“My footballer brother Ugo Ehiogu died in training and I never want that to happen again”

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Ugo Ehiogu, a former footballer turned Tottenham Hotspur manager, collapsed and died during a training session five years ago after suffering an unexpected cardiac arrest

Alosie Ehiogu, left, with her late brother Ugo

When Alosie Ehiogu received a call from his sister five years ago saying their brother had been rushed to hospital, he didn’t expect the worst.

His younger brother Ugo was a former footballer who had played for a plethora of premiership teams and was now manager of Tottenham Hotspur – so he was fit and healthy.

The 44-year-old was training when he suffered a cardiac arrest.

Staff on the ground rushed to his aid to perform CPR and used a defibrillator kept on site, and his heart started beating again before being taken to Middlesex Hospital.

Despite the heroic effects of the medical team in saving Ugo, he died less than 12 hours later on April 21, 2017.







The 44-year-old was in the middle of training when he suffered cardiac arrest
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Picture:

Getty)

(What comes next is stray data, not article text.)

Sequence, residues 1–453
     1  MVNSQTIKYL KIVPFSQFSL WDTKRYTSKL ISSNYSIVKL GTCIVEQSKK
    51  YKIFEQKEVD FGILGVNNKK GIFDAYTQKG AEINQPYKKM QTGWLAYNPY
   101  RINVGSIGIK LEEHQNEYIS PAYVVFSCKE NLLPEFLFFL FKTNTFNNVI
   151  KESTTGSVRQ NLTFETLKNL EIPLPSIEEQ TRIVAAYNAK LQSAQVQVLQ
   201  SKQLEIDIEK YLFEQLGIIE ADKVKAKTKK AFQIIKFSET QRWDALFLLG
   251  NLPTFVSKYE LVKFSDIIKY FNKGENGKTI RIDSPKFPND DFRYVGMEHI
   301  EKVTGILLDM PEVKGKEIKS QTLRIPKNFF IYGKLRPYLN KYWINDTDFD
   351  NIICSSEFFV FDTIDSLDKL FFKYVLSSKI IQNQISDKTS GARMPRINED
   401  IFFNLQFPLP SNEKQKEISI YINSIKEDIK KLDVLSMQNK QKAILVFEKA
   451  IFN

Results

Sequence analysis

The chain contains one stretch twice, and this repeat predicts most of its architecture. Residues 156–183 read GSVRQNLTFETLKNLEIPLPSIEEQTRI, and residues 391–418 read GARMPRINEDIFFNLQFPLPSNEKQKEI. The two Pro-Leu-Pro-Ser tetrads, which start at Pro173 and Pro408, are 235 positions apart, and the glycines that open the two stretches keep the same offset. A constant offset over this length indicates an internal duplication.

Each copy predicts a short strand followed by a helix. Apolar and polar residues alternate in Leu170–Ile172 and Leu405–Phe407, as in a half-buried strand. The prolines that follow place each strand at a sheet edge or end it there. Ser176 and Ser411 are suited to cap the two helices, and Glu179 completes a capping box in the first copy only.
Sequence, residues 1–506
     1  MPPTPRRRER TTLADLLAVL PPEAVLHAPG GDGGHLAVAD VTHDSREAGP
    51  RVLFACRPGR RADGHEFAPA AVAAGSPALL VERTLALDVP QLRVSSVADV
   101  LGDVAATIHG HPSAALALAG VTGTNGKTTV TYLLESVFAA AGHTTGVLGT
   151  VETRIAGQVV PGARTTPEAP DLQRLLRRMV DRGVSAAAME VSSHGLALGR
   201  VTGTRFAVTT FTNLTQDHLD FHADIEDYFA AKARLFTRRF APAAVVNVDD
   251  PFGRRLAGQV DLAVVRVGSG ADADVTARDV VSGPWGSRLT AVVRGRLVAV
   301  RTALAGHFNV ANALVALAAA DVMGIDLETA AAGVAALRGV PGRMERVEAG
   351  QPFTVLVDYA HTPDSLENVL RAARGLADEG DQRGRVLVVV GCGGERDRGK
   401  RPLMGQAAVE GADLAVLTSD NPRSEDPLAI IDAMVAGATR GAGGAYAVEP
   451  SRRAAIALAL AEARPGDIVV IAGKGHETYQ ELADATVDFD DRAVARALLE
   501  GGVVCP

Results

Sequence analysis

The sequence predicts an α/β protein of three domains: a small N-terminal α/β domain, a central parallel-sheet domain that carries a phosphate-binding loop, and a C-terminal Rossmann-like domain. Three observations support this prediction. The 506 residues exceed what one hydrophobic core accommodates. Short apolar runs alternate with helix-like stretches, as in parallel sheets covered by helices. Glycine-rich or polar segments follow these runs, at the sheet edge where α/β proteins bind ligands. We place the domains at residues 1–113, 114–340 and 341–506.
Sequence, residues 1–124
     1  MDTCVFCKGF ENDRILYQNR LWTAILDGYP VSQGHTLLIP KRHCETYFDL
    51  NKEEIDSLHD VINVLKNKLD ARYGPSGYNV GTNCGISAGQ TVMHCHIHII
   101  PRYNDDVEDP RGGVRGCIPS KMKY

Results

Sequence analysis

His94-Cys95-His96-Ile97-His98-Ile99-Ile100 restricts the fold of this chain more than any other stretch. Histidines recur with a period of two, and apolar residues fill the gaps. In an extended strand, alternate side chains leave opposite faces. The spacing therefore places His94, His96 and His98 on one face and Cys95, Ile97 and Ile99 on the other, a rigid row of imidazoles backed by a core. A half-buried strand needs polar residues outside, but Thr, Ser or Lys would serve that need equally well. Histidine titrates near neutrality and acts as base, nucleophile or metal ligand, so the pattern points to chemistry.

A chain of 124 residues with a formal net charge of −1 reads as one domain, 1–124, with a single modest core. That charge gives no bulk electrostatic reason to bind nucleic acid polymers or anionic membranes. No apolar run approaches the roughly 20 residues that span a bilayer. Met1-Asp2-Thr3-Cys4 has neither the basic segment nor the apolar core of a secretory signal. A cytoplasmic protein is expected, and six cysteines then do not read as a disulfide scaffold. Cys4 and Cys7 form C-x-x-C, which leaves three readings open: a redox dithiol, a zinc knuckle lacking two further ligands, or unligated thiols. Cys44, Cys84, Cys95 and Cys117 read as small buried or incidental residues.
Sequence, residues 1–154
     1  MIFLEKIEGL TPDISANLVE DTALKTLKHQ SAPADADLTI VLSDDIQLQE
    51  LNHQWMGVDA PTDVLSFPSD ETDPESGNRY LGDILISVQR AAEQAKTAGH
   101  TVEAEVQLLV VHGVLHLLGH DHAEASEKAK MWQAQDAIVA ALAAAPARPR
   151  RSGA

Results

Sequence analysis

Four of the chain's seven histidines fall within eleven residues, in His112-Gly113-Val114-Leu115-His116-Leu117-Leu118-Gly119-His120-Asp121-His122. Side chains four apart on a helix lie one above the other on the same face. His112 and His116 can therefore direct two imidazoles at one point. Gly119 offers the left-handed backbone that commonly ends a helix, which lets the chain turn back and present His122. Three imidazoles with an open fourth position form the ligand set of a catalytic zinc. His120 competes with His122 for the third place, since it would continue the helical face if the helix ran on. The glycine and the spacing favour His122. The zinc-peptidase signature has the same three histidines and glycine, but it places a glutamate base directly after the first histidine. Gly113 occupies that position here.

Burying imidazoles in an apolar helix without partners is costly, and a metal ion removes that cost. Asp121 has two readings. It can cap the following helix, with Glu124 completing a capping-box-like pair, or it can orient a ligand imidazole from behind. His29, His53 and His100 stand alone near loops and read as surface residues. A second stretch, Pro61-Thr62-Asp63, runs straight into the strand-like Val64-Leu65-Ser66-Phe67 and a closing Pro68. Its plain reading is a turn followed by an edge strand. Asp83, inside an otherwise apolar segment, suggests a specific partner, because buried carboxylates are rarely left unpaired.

Alosie told the Mirror: “When my sister called me I said I had to come to the hospital, I didn’t realize how serious it was until I arrived.

“We had to wait hours and hours to find out what had happened to him. It was so unexpected.

“I had gone out for a meal and a chat with him a few weeks before and now he was dead.”

Ugo’s devastated family later discovered he had cardiomyopathy, a disease of the heart muscle that prevents the heart from pumping blood to the rest of the body.

This ultimately led to his fatal cardiac arrest.







The former footballer pictured in 1995 while playing for Aston Villa
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Alosie and her other brother Uzo were asked to get tested for the same condition and given the all clear.

But there could be thousands of people walking around undiagnosed.

As the fifth anniversary of his tragic death approached, consultant Laurence Gant, who tried to save Ugo after he collapsed, got on his bike and circled all the football pitches where the late sportsman played to collect donations. funds to buy defibrillators for grassroots football. soccer teams.

But more money is urgently needed to meet the £50,000 target.

Alosie explained: “These teams don’t have the sound monetary funds that Premiership teams have so many people don’t have a defibrillator on their pitch.







Alosie met her brother a month before her sudden death
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Picture:

Alosia Ehiogu)








Ugo’s devastated family later found out he had cardiomyopathy
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Picture:

Alosia Ehiogu)


“Defibrillators are expensive and we need to train people to use them, which will also cost money.

“We hope people will be generous and help us achieve our goal, including football industry organisations.”

While Ugo sadly passed away, it is well documented that a defibrillator can mean the difference between life and death.